Expectations are that a deal between Sprint, T-Mobile and Dish Network will be announced within the next 48 hours, whereby Dish would pay around $3.5 billion for wireless spectrum from the two carriers to push through their merger.

Why it matters: In addition to America's mobile market no longer consolidating from four major national carriers to three, this could embolden top U.S. antitrust regulator Makan Delrahim, who looked to be on his heels after being handed his legal hat on the AT&T/Time Warner deal. This comes just as the Justice Department confirmed that it will launch an investigation into the power and behavior of online platforms.

  • Dish also would pay around $1.5 billion for a prepaid mobile business that the merging companies agreed to divest as part of an earlier FCC agreement, and pledge to hold all the acquired assets for at least three years.
  • There had been talk that Amazon had interest in the prepaid business. In general, Amazon just seems to have a tire-kicking fetish.

By the numbers: T-Mobile executives spent $195,000 at the Trump International Hotel after the company agreed to buy Sprint for $26 billion, as disclosed this past March — but DOJ was unswayed by all of those suite stays, let alone the companies' PR strategy of talking up Trump-bait like job growth and 5G leadership.

Between the lines: Elon Musk must be ready to take a flame-thrower to SEC social media regulators, given how John Legere appears to have skated for his misleading — and still available — tweet about DOJ objection to the original deal structure.

Go deeper: 5G is off to a slow start

Go deeper

4 mins ago - World

Mayor of Seoul found dead

Park at a conference in 2017. Photo: Aurelien Morissard/IP3/Getty Images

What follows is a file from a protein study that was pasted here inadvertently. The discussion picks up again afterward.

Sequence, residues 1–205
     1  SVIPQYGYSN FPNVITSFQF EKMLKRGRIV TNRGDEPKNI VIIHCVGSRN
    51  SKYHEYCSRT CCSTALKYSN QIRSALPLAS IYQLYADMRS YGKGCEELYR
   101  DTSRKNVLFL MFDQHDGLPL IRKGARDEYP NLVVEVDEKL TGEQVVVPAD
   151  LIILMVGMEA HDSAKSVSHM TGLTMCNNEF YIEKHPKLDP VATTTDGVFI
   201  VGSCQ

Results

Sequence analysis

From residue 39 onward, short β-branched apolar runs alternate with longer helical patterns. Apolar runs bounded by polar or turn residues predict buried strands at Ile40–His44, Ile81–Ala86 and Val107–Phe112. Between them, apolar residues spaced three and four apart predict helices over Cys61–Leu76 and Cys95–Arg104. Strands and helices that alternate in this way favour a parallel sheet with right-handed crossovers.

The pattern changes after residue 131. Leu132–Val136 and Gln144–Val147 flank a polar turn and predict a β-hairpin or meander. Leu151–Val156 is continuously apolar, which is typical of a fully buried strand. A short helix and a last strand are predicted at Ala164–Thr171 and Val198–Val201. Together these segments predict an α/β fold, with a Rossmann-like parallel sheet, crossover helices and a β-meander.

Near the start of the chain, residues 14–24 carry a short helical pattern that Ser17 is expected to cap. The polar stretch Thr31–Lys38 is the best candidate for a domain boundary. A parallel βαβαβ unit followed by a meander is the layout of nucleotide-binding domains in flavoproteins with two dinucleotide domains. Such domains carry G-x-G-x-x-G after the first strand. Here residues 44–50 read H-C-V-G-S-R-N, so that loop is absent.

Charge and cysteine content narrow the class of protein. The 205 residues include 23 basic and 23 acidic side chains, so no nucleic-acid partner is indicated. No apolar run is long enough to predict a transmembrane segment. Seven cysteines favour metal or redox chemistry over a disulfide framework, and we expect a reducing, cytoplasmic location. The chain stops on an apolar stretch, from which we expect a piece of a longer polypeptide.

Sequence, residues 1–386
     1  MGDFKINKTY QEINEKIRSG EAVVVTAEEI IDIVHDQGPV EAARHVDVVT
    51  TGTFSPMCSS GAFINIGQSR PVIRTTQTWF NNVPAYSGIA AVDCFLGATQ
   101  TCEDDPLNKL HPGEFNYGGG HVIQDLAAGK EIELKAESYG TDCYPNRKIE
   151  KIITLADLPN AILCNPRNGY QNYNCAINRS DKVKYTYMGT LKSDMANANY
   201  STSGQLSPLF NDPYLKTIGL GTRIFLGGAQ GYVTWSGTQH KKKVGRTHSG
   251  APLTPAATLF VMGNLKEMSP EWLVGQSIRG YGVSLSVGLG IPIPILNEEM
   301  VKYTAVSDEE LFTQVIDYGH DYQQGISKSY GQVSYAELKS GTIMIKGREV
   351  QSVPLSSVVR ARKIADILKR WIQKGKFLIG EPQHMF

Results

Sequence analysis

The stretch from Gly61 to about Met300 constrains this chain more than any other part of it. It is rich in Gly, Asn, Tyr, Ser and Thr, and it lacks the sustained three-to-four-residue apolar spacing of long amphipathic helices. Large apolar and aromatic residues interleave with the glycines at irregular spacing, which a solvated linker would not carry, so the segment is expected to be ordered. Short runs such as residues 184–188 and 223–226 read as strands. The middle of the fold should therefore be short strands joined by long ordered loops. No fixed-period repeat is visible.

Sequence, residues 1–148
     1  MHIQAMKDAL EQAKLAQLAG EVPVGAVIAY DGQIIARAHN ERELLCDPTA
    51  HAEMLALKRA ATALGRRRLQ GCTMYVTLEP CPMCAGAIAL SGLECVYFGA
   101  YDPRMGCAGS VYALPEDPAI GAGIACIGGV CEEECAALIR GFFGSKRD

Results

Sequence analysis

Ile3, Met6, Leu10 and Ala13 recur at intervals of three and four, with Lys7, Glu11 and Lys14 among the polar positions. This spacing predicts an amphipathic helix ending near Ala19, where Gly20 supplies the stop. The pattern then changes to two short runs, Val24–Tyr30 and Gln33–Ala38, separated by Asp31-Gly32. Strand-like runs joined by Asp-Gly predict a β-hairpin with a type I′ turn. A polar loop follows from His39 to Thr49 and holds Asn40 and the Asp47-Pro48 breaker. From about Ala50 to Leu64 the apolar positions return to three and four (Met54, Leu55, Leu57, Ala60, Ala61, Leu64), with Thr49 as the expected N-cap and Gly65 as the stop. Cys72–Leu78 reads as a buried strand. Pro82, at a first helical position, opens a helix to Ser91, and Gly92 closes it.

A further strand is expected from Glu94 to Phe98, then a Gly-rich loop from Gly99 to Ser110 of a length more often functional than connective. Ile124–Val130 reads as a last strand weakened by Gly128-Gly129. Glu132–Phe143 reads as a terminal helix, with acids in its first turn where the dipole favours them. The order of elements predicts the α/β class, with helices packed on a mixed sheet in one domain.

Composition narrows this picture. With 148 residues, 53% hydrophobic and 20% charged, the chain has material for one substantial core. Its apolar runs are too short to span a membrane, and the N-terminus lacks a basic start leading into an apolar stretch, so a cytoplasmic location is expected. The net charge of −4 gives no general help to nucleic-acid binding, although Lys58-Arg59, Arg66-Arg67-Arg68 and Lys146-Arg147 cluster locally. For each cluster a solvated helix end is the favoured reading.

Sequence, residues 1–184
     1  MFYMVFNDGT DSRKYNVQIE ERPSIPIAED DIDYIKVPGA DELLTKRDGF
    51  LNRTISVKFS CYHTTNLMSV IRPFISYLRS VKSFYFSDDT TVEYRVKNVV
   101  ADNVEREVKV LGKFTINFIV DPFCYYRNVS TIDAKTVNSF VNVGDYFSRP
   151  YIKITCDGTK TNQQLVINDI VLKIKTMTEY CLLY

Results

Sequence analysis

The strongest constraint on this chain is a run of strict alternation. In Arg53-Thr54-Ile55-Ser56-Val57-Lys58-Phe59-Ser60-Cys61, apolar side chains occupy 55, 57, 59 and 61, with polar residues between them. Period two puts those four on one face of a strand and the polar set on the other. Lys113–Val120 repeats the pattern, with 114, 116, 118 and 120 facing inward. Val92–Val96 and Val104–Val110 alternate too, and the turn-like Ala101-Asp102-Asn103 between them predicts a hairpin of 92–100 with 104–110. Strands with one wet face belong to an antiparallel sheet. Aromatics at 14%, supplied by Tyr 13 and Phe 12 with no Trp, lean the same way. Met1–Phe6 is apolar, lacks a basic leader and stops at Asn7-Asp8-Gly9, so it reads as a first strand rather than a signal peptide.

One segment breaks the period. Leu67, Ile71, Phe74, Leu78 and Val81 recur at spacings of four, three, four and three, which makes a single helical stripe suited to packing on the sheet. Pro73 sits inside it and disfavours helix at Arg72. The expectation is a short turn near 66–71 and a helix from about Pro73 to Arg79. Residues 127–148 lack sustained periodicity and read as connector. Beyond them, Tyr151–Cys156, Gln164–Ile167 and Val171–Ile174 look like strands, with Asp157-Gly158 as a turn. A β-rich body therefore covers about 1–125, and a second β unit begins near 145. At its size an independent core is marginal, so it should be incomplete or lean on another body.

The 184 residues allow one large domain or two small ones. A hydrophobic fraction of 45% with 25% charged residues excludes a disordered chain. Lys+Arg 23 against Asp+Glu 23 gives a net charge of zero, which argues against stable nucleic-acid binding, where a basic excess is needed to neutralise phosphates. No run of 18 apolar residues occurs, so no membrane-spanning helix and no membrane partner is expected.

Seoul Mayor Park Won-soon has been found dead hours after his daughter reported him missing, prompting a massive manhunt, Yonhap news agency reports.

What we know: Park's disappearance came shortly after allegations of sexual harassment against him were published in local media, according to the FT, which also reports that his daughter had found a "will-like message."

Scoop: Chinese biotech giant's U.S. subsidiary received PPP loan

Chinese biotech company BGI Genomics provided mobile labs for conducting COVID-19 tests at a sports center in Beijing. Photo credit: Xinhua/Chen Zhonghao via Getty Images.

A U.S. subsidiary of Chinese genomics company BGI Group received a loan through the Paycheck Protection Program (PPP), according to data on the program released by the U.S. Treasury Department this week.

Why it matters: BGI's close ties to the Chinese government, which is constructing a massive genetics database of its population, have raised concerns among U.S. officials.

Updated 1 hour ago - Politics & Policy

Coronavirus dashboard

Illustration: Aïda Amer/Axios

  1. Global: Total confirmed cases as of 11:30 a.m. ET: 12,081,232 — Total deaths: 550,440 — Total recoveries — 6,639,503Map.
  2. U.S.: Total confirmed cases as of 11:30 a.m. ET: 3,057,431 — Total deaths: 132,360 — Total recoveries: 953,420 — Total tested: 37,431,666Map.
  3. Public health: Cases rise in 33 states — Fauci says states with severe outbreaks "should seriously look at shutting down"
  4. Education: How Trump's push to reopen schools could backfire — College sports stare down a disaster in the fall.
  5. Jobs: 1.3 million Americans filed for unemployment last week.
  6. Travel: Over 1,000 TSA agents have tested positive.